• Referring now to FIGS. 2-3, a surgical instrument 400, and more particularly, a surgical forceps 400, is shown generally including a handle 410, an elongated shaft 420 and an end effector 430 disposed at a distal end of the elongated shaft 420. Wireless laparoscopic camera 100 is disposed, e.g., clipped or mounted, onto elongated shaft 420 toward the distal end 422 thereof. Although surgical instrument 400 is shown as a surgical forceps 400, it is envisioned that wireless camera 100 may be clipped, or mounted onto various other surgical instruments. Further, clip 500 may be configured to engage camera 100 to surgical instrument 400 at various positions along shaft 420 or on end effector 430, depending, for example, on the dimensions of the surgical instrument, the particular procedure to be performed, and/or the desired field of view. However, as mentioned above, camera 100 need not be engaged to a surgical instrument, but may simply be positioned within the internal body for providing a video image of the surgical site.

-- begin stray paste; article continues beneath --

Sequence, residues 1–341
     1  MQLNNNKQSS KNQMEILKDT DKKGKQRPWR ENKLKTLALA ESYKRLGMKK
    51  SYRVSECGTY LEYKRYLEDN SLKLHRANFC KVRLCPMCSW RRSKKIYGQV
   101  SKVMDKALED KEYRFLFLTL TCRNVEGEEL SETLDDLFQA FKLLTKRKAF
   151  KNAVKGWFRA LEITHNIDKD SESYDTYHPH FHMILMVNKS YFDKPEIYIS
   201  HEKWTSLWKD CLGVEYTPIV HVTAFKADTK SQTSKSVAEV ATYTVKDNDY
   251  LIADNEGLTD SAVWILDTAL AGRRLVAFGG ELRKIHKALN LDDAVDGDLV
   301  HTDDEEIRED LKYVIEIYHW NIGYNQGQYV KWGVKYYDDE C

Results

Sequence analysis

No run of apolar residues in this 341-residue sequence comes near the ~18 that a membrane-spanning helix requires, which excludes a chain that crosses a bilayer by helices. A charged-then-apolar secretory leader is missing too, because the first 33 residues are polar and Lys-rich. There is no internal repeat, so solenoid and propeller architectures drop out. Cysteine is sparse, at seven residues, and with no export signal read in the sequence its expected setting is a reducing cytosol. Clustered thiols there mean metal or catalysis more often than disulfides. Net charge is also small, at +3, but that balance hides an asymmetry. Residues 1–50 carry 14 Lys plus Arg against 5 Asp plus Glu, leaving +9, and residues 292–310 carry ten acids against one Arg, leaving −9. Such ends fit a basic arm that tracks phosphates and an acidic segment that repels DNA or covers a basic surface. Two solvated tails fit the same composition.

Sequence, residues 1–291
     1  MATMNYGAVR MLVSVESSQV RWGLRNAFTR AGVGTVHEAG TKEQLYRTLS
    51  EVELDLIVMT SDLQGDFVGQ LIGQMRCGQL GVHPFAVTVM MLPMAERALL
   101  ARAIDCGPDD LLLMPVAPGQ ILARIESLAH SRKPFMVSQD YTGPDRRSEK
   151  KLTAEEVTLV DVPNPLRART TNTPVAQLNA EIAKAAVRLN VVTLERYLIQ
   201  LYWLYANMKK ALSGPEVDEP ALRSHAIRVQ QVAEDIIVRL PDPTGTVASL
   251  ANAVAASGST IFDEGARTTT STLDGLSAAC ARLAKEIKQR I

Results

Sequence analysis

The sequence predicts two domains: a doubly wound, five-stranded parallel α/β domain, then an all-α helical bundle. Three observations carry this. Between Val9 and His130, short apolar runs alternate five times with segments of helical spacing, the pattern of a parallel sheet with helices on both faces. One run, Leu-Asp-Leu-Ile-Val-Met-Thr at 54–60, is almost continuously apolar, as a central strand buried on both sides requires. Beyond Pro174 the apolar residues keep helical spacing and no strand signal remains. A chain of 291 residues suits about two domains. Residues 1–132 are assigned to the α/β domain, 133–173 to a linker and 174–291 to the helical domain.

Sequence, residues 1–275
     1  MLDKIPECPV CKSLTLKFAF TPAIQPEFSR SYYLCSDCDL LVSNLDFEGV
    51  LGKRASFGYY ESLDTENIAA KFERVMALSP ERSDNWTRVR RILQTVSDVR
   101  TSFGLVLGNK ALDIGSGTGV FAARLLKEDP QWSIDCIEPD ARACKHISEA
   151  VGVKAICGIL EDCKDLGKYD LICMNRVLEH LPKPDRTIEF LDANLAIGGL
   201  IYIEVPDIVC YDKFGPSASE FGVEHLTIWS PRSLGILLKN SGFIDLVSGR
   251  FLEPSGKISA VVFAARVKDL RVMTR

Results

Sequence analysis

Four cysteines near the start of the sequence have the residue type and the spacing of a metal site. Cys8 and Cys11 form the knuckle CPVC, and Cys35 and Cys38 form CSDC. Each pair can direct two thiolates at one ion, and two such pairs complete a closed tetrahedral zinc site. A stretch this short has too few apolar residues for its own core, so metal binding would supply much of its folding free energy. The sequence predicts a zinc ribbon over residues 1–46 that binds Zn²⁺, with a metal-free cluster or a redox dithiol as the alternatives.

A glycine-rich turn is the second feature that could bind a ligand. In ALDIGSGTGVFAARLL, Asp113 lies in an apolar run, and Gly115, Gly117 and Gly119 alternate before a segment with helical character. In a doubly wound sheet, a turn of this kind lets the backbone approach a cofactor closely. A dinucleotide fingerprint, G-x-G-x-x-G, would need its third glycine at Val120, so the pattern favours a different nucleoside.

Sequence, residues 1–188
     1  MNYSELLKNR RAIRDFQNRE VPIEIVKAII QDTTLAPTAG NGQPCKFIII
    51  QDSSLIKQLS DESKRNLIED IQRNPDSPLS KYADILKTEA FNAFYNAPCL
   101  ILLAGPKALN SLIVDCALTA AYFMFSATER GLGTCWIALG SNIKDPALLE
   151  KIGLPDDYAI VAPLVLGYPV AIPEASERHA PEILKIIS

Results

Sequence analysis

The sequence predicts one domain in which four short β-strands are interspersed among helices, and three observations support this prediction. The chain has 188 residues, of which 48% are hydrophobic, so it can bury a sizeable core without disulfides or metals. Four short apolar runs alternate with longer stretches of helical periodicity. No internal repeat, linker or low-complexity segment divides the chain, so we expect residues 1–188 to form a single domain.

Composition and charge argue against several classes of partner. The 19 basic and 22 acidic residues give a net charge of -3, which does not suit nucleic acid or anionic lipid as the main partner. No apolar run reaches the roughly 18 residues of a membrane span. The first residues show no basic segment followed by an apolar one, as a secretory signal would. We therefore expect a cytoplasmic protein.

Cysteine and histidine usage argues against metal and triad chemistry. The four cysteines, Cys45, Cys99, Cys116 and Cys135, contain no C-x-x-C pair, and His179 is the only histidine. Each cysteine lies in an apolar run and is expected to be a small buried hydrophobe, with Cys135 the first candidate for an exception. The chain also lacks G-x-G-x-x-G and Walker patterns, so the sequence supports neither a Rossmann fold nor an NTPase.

• The operation of wireless laparoscopic camera 100 and corresponding wireless camera system 1000 will now be described with reference to FIG. 4. As mentioned above, optical lens 120 projects (1) an optical image of the field of view, e.g., the surgical site, onto the image sensor 140. The image sensor 140, which is coupled to the processing component 150 and wireless transmitter 160 within chip package 130, converts the optical image into an electrical signal and communicates (2) the electrical signal to the processing component 150. The processing component 150 may be configured to convert the signal from an analog signal to a digital signal, from a digital signal to an analog signal, or to modulate the signal. The processed signal is then communicated (3) to the wireless transmitter 160. The wireless transmitter 160, along with the antenna 170, (5) transmits the signal wirelessly (6) to the receiver 200, which is positioned remote of the wireless camera 100. The receiver 200 then feeds the signal (7) to the video monitor 300 to display the signal as a video image.